Immediately subsequent to the removal of the money from the cash drawer the desk clerk set off the silent burglar alarm, which alarm was received by the police.

Hartman insisted that a key was hidden under the desk which would open the safe and that yet another sum of money was available deposited under a filing cabinet on the premises. While Ialenti set about to search for the secreted key, Hartman began to search for the filing cabinet. While this search was going on, the police arrived. Hartman ran out a side door with his weapon drawn, and was apprehended immediately by Officer Joseph Lordan. Ialenti remained behind the reception desk and surrendered to Officer Timothy Cadigan after it became clear that Ialenti was with Hartman.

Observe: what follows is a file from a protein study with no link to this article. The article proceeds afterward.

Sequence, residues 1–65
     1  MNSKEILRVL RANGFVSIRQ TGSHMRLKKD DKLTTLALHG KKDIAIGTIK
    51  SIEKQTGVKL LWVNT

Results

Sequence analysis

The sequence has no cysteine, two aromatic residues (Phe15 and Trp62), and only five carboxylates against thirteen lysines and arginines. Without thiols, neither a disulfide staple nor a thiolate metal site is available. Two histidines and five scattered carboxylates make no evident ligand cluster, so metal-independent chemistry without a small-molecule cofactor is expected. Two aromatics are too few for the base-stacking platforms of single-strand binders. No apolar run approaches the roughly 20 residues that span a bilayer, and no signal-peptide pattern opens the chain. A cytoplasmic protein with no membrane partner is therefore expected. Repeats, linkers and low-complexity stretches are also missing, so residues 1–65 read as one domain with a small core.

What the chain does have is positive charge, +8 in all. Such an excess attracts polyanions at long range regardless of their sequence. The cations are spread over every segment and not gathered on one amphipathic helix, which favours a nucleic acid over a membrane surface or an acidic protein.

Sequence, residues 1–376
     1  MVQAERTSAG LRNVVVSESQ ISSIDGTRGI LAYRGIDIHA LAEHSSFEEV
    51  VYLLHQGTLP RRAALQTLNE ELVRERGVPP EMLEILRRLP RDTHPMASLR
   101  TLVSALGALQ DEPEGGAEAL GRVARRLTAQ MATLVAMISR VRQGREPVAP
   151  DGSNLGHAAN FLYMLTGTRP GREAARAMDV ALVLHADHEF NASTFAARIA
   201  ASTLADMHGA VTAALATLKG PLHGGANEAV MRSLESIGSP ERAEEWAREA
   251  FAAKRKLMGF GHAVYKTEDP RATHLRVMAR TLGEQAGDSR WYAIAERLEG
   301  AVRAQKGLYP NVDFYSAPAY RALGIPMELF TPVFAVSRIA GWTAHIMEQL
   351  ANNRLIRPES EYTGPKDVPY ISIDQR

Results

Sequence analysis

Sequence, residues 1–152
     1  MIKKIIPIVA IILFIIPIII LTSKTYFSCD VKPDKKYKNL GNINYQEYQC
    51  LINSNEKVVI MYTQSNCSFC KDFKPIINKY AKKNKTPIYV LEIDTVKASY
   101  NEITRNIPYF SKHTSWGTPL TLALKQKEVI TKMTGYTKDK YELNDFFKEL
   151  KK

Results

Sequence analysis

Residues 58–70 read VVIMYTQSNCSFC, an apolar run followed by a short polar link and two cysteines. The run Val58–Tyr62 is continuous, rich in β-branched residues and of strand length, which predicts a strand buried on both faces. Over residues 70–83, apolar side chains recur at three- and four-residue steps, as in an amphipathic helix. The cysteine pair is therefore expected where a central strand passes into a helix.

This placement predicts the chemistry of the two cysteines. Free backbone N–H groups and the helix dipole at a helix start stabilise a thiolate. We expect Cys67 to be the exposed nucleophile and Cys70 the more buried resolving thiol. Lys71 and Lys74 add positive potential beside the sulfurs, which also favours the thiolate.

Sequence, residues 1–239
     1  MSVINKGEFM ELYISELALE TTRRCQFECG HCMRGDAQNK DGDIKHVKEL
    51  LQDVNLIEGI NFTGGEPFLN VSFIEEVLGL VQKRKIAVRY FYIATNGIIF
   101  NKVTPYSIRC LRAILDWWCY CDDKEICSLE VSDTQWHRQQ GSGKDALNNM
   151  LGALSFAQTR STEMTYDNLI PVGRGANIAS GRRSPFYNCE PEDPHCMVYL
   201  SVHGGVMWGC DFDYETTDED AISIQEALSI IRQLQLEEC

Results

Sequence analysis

Ialenti was searched and a sum of $17 in paper money and $1.75 in change was removed from his right pants pocket. The arresting officer testified that at the time of the search Ialenti remained behind the reception desk in the proximity of the cash drawer.

Approximately one-half hour after the police took Hartman and Ialenti away from the motel, the desk clerk determined that $17 in currency had been taken. The amount missing was determined by deducting the amount of cash remaining from the cash with which the clerk had started the evening.

THE COURT'S INSTRUCTION.